For Recruiters
It's not easy to write your CV when you've been an MD in a bank.

Horror as senior bankers forced to redo their CVs

In a world where job security and loyalty to employers are fading memories, it’s normally a given that you should have a well-written, up-to date, modern-recruiter-compliant CV ready to go. Strangely though, there’s one highly visible and successful vocational group whose CVs often look like relics from a bygone age. These are senior bankers.

“Bankers CVs tend to look very dated,” says Janet Moran, founder of The CV House. “You regularly see just a list of job titles and responsibilities, in Times New Roman type. They tend to be transactional and don’t focus on strategic skills or leadership skills.” They are, she explains, designed to satisfy the requirement of producing a CV and not much more.

But does this matter? Historically, perhaps not. Financial institutions are good at promoting from within and, if you are moving up in the same organisation, people know who you are what you’re good at. Moreover, even when moves involve going to a different firm, they are often done via networks and contacts. So again, the CV is there to tick a box, rather than sell a candidate.

Nigel Parslow, a director at Harvey Nash Executive Search says that banking is a highly visible industry. “People know each other and they see what deals are being done.” It’s a bit like being in the movie business: everyone knows what you’ve been working on and how you’ve performed because your work is out there for all to see. “Financial services,” he adds, “is a very open sector.”

However, for all this, the need for a half decent CV may be growing. Recruitment processes are becoming more robust and professional says Ms Moran. Moreover, she adds, if there is a Brexodus from the City (or indeed any other form of downturn) jobs may be harder to come by, competition could increase  and CVs might go from being a hygiene factor to being a genuine differentiator.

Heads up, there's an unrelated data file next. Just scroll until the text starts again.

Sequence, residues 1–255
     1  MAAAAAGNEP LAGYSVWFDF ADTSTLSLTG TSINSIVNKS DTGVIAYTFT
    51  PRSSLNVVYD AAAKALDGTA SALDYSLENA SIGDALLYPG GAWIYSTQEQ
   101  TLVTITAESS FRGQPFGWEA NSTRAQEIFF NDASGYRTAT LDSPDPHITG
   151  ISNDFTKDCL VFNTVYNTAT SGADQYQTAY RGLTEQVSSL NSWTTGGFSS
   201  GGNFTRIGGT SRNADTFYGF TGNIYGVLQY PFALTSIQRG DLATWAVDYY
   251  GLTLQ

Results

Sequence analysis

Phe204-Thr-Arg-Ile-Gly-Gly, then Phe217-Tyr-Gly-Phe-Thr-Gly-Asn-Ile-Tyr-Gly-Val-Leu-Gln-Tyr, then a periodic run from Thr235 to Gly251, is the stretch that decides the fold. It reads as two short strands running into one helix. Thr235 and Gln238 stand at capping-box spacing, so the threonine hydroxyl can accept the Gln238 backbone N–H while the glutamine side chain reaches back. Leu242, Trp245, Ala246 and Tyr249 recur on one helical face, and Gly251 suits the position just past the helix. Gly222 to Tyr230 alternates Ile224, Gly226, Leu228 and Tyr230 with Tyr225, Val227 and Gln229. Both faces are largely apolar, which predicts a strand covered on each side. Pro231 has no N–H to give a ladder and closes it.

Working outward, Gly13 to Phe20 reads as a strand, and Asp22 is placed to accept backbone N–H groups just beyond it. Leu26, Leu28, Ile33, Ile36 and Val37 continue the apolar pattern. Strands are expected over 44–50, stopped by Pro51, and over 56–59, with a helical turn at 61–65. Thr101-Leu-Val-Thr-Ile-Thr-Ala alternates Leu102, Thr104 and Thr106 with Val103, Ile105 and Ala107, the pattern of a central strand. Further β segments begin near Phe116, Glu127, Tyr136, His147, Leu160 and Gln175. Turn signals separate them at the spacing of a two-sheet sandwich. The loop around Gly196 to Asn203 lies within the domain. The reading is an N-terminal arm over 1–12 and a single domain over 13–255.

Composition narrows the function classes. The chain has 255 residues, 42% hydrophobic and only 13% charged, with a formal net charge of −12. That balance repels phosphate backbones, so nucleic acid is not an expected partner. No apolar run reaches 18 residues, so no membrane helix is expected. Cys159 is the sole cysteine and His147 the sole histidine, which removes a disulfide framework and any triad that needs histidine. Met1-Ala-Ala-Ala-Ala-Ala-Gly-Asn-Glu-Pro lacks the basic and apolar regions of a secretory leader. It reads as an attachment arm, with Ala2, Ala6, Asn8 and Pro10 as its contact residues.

Worth remembering too, regardless of the economic climate, is that if you’re applying to jobs which are some distance (either geographically or functionally) from your current role, your CV will eventually fall into hands of someone who doesn’t know you or inow of you. In this case, the CV will be all they have to go on. For this reason says, Mr Parslow, you want it to be more than just a perfunctory record of what you’ve done.

He adds that even a traditional banking CV (a page on your history and a transaction sheet) can be improved: “You should try and show that you’ve worked on a range of deals across a range of sectors and demonstrate deal ownership.”

Andrew Pringle, the founder of Circle Square says that CVs have an important role to play for those from certain backgrounds. “If you’ve come from somewhere niche like a tech boutique which is not known to mainstream recruiters or if your job is non-vanilla, you need to provide a description.”

Here, he suggests a brief synopsis of the organisation and your own role. “Give quantifiables. You might say that your boutique has five offices across Europe and closed X deals, of which you worked on Y.” You should, he adds, explain too how much the deals were worth and how big your role in them was. Again, it’s about making yourself stand out.

There are some situations where you really are likely to need to go above and beyond a banking CV. These are where you are either moving out of banking and into a sector that measures career progress more conventionally or into a management role in banking.

Here Ms Moran counsels that here you want to be thinking about a CV which shows how you’ve contributed to organisation goals or dealt with strategic issues. “I’ve worked with bankers who’ve been involved in really groundbreaking activities, led teams through really difficult times and made really difficult decisions,” she explains. “But they don’t show any of this on their CVs. “There’s no indication that they can manage people or persuade people.”

Even if you’re not thinking of moving, it’s a good exercise to write your CV out anyway. Doing so is a good way of forcing yourself to take stock of your achievements, charting your career progress and planning where you want to be in a few years’ time.

Finally, as Clive Davis, UK Strategic Accounts & Operations Director, at Robert Half says, particularly in a business environment where change is expected, you never know what might be round the next corner - and so it is always good to be up to date. “Any passive candidate should ask themselves, ‘If an opportunity presents itself do I have a CV ready – and how good is it? How well does it represent who I am and what I’ve really been doing?”

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AUTHORRhymer Rigby Insider Comment
  • Ch
    Charles Morgan
    12 July 2018

    There is an old idea of, "interviewing the candidate not the C.V." Who trusts nowadays a, "Madison Avenue C.V. or resume" with all the latest buzzwords and jargon? There are candidates who also don´t trust recruitment consultants and the hype they peddle. How can you select a CFO candidate from a one page C.V. in 10 seconds?

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